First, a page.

Tours for All Tastes
From train trips to wine country sojourns,
these value-packed vacations cater to specific interests
By Elizabeth Armstrong
Rocky Mountaineer Vacations
But not all escorted trips are of the "if it's Tuesday, this must be Belgium" variety. There are scores of itineraries that appeal to specific interests, whether you want to sample the chardonnays of Napa on a wine country vacation, aim your camera lens at lions during an African safari, or view pristine Canadian wilderness from the window of a slow-moving train. There are family-focused vacations, too, where kids can tag along with parents and grandparents, as well as women-only vacations that make perfect girlfriend getaways.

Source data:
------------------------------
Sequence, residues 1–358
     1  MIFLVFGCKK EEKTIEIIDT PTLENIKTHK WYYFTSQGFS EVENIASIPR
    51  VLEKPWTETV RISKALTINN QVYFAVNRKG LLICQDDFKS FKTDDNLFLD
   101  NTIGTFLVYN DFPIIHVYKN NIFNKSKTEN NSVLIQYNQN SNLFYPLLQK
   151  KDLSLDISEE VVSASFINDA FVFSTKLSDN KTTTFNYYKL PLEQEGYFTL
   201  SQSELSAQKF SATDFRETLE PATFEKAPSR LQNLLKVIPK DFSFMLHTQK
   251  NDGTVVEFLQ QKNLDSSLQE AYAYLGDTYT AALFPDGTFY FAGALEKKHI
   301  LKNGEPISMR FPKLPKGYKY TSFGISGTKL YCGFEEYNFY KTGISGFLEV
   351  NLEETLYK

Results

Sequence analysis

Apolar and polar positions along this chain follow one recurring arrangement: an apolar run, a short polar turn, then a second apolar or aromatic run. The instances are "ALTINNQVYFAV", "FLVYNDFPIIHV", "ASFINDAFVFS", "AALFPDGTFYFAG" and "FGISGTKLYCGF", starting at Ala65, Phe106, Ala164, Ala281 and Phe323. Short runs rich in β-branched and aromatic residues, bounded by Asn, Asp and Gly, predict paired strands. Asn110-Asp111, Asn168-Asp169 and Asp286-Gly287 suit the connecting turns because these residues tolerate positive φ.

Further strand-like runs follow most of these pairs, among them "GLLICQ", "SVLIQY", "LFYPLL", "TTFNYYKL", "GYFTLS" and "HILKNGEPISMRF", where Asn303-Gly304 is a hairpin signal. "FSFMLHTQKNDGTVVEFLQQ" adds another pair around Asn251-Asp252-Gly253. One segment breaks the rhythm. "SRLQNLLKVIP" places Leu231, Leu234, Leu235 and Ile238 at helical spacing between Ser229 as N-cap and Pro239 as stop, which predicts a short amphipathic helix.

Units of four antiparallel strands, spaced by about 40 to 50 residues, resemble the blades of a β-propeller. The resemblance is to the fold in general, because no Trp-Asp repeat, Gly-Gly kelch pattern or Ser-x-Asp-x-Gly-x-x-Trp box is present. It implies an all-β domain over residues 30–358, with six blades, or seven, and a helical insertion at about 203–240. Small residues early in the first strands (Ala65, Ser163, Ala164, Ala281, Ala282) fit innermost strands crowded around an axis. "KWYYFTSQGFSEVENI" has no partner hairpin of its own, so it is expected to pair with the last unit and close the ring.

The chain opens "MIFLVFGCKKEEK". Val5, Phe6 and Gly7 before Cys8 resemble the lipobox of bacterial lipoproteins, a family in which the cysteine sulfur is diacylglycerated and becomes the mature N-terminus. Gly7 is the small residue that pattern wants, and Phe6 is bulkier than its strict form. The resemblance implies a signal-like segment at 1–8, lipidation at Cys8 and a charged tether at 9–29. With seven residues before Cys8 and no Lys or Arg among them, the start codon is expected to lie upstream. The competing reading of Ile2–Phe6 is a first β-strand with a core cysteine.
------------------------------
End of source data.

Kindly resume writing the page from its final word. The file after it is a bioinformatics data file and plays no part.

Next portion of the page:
These trips still offer the same value as more traditional escorted tours, and often at a savings of up to 40 percent off traveling the same itinerary on your own. Here's a look at specialty tours in destinations near and far.
Wine aficionados can chase the grape on tours that visit vineyard-clad regions in Italy, France, Portugal, Chile, Argentina and northern California. Participants stop at wine estates and cellars to meet the winemakers and sample a few vintages.
For example, Globus offers a 12-day trip through France's Bordeaux wine country, while Uniworld River Cruises and AMA Waterways sail through the Douro Valley, which yields Portugal's port wine. Several tour operators have wine country getaways in California's Napa and Sonoma valleys, each itinerary also spending a day or two in San Francisco.